The ‘electric cars aren’t green’ myth debunked

Electric cars green myth

It’s time to bust this thing wide open.

‘Electric cars aren’t green’ is a great bit of counter-intuitive headline bait, but it’s bad maths.  This is how the argument goes, again and again…

Electric cars have higher manufacturing emissions than normal cars.  Electric cars also use electricity that has its own footprint.  And put together these two factors are a ‘dirty little secret‘ that negate any climate benefit of electric cars!

No.  Let’s clear this thing up once and for all.

It’s all about the juice

One of the most irritating things about articles discussing electric car emissions is the way it’s always very black and white.  In one corner you have the ‘zero emissions’ brigade and in the other the ‘worse than combustion engine’ crew.

But as ever, real life comes in shades of grey.

The reality is that even after you account for the bigger manufacturing footprint of an electric car it is all about the fuel mix of the power you use, the ‘juice’ if you will.

Using coal powered electricity electric cars do nothing to cut emissions, using natural gas electricity they’re like a top hybrid and using low carbon power they result in less than half the total emissions of the best combustion vehicle, manufacturing included.

In our recent study ‘Shades of Green: Electric Cars’ Carbon Emissions Around the Globe‘ we calculated grid powered electric car emissions in twenty countries. But we actually had data for quite a few more countries we didn’t include.

So let’s break out the data and put this thing to rest.

Mapping electric car emissions

The following map compares the carbon footprint of electric driving using average grid electricity in 40 or so countries.  The actual carbon intensity of electricity you use may differ from the national average for a number of reasons, but it’s a great starting point.

The results are shown in terms of grams of equivalent carbon dioxide per vehicle kilometer (g CO2e/km).  Each estimate includes emissions from vehicle manufacturing, power station combustion, upstream fuel production and grid losses.

The specs are based on a full electric vehicle, similar to a Nissan Leaf, using the 2009 average fuel mix in each country.  For each country vehicle manufacturing emissions are assumed to be 70g CO2e/km, based on a number of studies detailed in the report.

EV emissions by countryClick image to expand

Of the 40 countries covered in this map emissions vary from 70g CO2e/km in hydro loving Paraguay, up to a 370g CO2e/km in heavy coal using India.  The US average is 202g CO2e/km, in China it’s 258g and in Canada 115g.

In Paraguay virtually all the emissions are from vehicle manufacturing, as the power is incredibly low carbon.  Whereas in India the breakdown is 70g for vehicle manufacturing, 200g from power plants, 30g for fuel production and a whopping 70g for grid losses.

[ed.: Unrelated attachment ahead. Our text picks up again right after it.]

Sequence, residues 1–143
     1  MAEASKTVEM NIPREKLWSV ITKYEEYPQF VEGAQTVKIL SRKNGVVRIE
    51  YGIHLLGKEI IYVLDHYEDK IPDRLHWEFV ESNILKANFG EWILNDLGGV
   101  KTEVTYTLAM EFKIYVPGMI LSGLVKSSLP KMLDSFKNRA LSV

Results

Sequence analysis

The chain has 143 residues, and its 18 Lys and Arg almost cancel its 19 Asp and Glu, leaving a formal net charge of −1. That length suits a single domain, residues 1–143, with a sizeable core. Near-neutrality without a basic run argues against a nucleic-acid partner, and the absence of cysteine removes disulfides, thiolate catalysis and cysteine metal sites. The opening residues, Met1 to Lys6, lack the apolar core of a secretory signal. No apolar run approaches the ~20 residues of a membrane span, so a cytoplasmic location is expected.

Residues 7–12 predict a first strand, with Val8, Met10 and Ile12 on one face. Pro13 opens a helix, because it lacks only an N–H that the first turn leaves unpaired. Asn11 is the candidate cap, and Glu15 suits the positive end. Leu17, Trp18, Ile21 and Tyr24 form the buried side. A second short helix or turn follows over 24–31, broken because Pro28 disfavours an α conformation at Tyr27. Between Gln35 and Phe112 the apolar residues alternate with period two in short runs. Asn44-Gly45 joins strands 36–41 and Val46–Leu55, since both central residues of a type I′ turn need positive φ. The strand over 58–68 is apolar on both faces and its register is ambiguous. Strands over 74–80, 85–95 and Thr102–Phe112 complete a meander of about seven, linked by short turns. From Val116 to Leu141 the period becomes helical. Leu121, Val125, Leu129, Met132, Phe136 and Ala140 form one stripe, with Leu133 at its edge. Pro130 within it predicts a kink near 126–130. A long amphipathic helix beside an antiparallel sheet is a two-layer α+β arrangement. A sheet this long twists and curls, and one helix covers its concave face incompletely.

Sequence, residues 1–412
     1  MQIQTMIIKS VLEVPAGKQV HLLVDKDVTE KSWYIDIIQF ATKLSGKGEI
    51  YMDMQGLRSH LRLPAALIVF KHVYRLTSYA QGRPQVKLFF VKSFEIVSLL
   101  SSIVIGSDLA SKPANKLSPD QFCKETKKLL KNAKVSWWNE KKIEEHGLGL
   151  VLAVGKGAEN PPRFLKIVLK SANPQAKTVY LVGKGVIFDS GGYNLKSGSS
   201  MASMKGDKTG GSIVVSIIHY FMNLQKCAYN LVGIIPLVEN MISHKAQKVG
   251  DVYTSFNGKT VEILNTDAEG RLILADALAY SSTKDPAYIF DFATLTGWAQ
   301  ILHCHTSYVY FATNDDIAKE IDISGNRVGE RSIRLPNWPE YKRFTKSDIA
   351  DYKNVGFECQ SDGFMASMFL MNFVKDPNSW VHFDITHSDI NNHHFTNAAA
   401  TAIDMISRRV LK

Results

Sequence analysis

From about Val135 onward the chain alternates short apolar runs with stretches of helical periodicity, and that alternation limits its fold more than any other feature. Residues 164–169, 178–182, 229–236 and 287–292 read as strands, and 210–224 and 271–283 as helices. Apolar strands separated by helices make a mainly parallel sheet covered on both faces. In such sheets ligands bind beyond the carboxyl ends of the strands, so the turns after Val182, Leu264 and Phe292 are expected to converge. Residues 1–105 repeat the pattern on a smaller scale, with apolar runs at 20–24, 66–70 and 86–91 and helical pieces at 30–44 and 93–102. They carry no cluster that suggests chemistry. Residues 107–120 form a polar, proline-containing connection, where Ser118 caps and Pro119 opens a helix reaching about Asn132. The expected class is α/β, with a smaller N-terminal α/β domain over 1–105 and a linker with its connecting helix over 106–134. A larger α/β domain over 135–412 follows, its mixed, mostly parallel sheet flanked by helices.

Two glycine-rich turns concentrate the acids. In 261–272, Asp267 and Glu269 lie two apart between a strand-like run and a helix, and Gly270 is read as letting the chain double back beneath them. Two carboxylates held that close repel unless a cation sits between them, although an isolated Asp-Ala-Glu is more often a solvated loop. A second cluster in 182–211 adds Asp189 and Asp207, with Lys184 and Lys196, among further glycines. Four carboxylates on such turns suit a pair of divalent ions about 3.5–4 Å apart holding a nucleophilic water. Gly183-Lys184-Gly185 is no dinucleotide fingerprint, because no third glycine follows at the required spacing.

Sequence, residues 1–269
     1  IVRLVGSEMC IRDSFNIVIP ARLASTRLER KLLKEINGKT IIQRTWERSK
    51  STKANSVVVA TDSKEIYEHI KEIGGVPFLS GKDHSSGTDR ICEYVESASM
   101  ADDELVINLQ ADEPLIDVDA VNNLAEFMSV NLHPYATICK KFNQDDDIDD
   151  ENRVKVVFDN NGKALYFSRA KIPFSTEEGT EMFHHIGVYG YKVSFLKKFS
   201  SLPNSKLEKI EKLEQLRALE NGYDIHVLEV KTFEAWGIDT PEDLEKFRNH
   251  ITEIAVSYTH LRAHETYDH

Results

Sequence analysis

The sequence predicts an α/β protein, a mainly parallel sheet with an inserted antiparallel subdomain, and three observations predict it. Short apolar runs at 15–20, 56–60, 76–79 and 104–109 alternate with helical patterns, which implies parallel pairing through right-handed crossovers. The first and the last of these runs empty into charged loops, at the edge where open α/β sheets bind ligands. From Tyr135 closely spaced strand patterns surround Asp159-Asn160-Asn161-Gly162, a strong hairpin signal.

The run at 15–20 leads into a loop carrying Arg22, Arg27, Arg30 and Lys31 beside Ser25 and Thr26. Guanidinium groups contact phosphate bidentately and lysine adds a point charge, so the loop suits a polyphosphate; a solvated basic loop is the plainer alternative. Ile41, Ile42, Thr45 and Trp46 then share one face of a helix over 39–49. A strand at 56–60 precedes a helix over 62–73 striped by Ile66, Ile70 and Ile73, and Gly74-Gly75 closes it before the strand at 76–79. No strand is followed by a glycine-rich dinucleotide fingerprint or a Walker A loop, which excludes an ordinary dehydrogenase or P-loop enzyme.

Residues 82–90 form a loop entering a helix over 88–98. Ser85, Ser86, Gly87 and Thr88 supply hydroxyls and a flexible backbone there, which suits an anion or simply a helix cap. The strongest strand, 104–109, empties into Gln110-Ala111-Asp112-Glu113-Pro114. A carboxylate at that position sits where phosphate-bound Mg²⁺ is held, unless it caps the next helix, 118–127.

The colors in the legend split the countries into five different groups based on carbon intensity.  As you can see, even after vehicle manufacturing is included the carbon intensity of driving an electric car varies 5 fold based on the juice.

For a bit of reference, the average American gasoline vehicle is up at about 300g CO2e/km, while a new hybrid might manage 180g CO2e/km after you include vehicle manufacturing, fuel combustion and fuel production.

Compared to combustion vehicles

Because grams per kilometer is such a funny metric it is nice to convert these results to something more familiar.  Working backwards from the data we can estimate what type of conventional vehicle (if any) would produce similar emissions.

For want of a better phrase lets call this the ‘Emissions equivalent petrol car’.

EV emissions equivalent

Click image to expand.

Now the figures are much easier to get a grip on.

In coal heavy India, China, Australia and South Africa electric cars using grid power are just like typical gasoline vehicles, in the 25-30 MPGUS range.  In the UK, Germany, Japan and Italy they are as good as the best petrol hybrids, in the 45-50 MPGUS range. But in low carbon supply places like France, Brazil, Switzerland and Norway they are in a different league, averaging well beyond 100 MPGUS for equivalent emissions.

It is important to remember that the electricity you get might not match your national average for any number of reasons.  The night time intensity might vary, you might have solar panels or live in a country like the US, where the grid is actually a bunch of separate grids.  For example in Colorado a grid powered electric car is equivalent to about 30 MPGUS, whereas in California it’s up around 70 MPGUS.

For all the comparisons in this map the vehicle manufacturing of a gasoline car is just 40g CO2e/km compared to 70g CO2e/km for the electric vehicle.  This is because we have accounted for both a greater manufacturing footprint and lower lifetime mileage in an electric car.

If you are interested in the detail check out the full report.  It includes a breakdown of all figures, sensitivities to manufacturing, vehicle performance and comparisons to diesel vehicles.